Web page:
Despite the Polish last name and a proclivity for perogies, my nature has always tended towards the English side of my family. My maternal grandfather was carted off to the Canadian colony around the age of 10 when the family fish & chips shop near Sheffield became too difficult to sustain in the years before the First World War.

Grampa never seemed exceedingly English to me growing up, though my grandmother’s Sunday dinner was invariably roast beef and Yorkshire pudding and the clock on their fireplace mantle mimicked Big Ben’s iconic chime.
Nevertheless, from an early age I embraced all things British: soccer (Liverpool); music (Beatles, Stones, Kinks), humour (Monty Python, Fawlty Towers, Benny Hill, The Two Ronnies); James Bond; pub culture (I collected pub paraphernalia that still adorns a replica pub in the corner of my basement); and Tolkien. I had a full-size poster of the classic British red phone box on my bedroom door and a Union Jack flag above my bed. I drank tea, Earl Grey.
It was only natural that my first flight from the nest, at age 18, was to London, though I had been there briefly as a kid, remembering it as if in a dream. I signed on to the Student Work Abroad Program (SWAP) offered by Travel CUTS and ended up spending four months in the U.K. that summer of 1981 – when Chuck and Di got married you’ll recall – and worked as a waiter for two months at the Happy Eater restaurant in the YMCA on Tottenham Court Road, a job diminished only by the requirement of having to wear a button proclaiming, “I’m a Happy Eater” with an orange open-mouthed Pacman-like icon.
The other two months were spent travelling the country nearly tip to tail, from Inverness, Scotland, to Land’s End, Cornwall, with a BritRail pass.

During my travels, I visited an elderly cousin in Wales, who pulled the tarpaulin off her rarely-used car, perused the manual in the wee hours of the morning to remember how to operate the thing, and toured us to amazing Conwy Castle on the north coast, instructing my friend and I along the way how to pronounce the unpronounceable Welsh place names we encountered, like Llandudno Wells, which was pronounced Hlandudno, as I recall. We never did manage to nail Llanfairpwll-gwyngyllgogerych-wyrndrobwll-llantysiliogogogoch.
In Devon, I tucked into a real cream pastry that exploded all over the bakery floor (back away, very slowly!) and laughed hilariously over a “Sleeping Policeman Ahead” sign (not realizing it meant a speed bump).
People bought me beers in pubs just because I was Canadian; and I was the first Canuck ever met by staff at a Canadian-owned Seagram’s distillery on the whiskey trail in Scotland, resulting in a red-carpet tour that I’m still surprised I survived. On a Glasgow bus, a simple query prompted an escort directly to the door of the B&B we sought and our hostess there roused her husband at 5 a.m. to take us to the train station when we left.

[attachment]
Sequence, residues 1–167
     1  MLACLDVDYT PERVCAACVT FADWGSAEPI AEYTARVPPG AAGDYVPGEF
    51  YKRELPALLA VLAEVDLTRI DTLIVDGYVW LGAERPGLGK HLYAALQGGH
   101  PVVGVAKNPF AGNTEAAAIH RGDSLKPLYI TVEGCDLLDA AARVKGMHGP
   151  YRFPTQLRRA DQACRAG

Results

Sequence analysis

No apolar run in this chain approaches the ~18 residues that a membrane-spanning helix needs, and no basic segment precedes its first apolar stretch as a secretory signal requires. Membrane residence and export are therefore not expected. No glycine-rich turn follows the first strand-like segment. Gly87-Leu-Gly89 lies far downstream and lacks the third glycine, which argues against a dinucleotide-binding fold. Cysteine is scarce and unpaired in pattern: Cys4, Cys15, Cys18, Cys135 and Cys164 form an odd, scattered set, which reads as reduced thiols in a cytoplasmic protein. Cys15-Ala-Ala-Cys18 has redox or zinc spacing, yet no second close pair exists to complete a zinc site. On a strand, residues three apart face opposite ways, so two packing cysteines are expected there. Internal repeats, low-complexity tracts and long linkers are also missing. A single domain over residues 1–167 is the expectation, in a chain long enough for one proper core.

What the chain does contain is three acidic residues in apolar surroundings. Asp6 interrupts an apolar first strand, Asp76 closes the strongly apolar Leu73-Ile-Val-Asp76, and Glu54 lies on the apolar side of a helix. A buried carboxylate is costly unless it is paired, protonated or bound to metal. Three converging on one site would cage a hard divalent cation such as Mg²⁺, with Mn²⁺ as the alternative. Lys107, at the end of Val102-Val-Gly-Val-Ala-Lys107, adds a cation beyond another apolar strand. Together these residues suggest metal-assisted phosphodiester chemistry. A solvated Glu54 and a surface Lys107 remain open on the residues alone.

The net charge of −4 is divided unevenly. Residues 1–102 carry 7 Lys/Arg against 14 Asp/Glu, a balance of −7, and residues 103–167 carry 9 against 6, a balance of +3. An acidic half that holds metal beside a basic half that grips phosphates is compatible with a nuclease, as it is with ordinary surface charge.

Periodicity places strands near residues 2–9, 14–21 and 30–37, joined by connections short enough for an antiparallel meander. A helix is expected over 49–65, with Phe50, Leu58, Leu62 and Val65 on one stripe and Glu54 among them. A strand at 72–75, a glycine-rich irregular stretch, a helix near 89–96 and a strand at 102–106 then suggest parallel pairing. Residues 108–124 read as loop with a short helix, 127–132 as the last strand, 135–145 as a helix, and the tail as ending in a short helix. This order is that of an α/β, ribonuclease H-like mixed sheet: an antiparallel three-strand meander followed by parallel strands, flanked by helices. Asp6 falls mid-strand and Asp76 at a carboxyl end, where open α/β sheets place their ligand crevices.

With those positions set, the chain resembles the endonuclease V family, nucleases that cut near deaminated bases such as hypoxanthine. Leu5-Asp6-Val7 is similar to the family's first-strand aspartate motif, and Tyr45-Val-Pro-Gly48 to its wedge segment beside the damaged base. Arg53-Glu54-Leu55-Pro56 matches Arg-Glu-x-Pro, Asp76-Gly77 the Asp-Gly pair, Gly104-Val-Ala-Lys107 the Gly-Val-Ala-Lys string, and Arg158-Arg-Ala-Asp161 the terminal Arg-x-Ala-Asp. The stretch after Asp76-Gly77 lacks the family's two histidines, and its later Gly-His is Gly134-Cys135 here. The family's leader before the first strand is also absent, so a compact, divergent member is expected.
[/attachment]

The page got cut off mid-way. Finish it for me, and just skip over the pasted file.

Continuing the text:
How could I not love this place?
Sure, Britain has changed over the years. Nobody buys me beers anymore just for being young, cute and Canadian (maybe it’s just me?), but, in some ways it’s changed for the better. On my first go ‘round cities like Liverpool and Glasgow were dingy relics of the industrial age, right down to their soot-stained bones. Now, they’re scrubbed and spiffy and world class. Similarly, Newcastle, which is now confident enough that it will host travel industry buyers and media from around the world in March for the annual Explore GB trade show.
And the industrial revolution has given way to a food revolution.
Yes, Great Britain has suffered more than its fair share of terrorist incidents recently, but, as one Brit recently reminded me, while some places grapple with this new way of the world, Britain has kept calm and carried on amidst such tragedies for decades, going back to when the offending acronym was IRA, not ISIS.
Today, I’m still adding to my list of British interests and indulgences; most of the familiar stuff still stands (I do miss you, Two Fat Ladies), but recent years has brought Harry Potter; Dr. Who/Torchwood, Sherlock, Luther, Coast, Coupling – funniest show ever – and Outlander; Oasis, Radiohead, and Mumford and Sons. Never a particular fan of the monarchy, I’ve even developed a fondness for Prince Harry after his impressive performance onstage at the Invictus Games last fall.
Yet, despite all this, I still defer to a once-upon-a-time customer at the Happy Eater, who seemed to get the sentiment, as the Brits would say, spot on: “I’ve been coming [to London] every year for 40 years,” she remarked. “It gets in your blood!” It’s an observation I have come to innately understand.
(This column appears in the January/February edition of CT magazine. To see the full issue, go to )
red phone box britain

An enduring symbol of Britain: the red phone box.

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